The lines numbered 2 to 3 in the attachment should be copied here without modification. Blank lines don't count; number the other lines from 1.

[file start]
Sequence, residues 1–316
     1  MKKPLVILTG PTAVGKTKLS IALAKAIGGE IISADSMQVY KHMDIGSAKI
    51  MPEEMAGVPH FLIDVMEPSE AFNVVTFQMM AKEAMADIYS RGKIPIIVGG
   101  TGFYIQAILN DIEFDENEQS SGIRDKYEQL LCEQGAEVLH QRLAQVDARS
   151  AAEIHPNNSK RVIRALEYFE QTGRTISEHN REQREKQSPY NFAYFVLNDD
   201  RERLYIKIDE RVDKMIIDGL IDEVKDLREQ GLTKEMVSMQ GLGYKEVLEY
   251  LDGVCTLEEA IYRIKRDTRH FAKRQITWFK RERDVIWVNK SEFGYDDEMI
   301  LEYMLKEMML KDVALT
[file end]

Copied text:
     1  MKKPLVILTG PTAVGKTKLS IALAKAIGGE IISADSMQVY KHMDIGSAKI
    51  MPEEMAGVPH FLIDVMEPSE AFNVVTFQMM AKEAMADIYS RGKIPIIVGG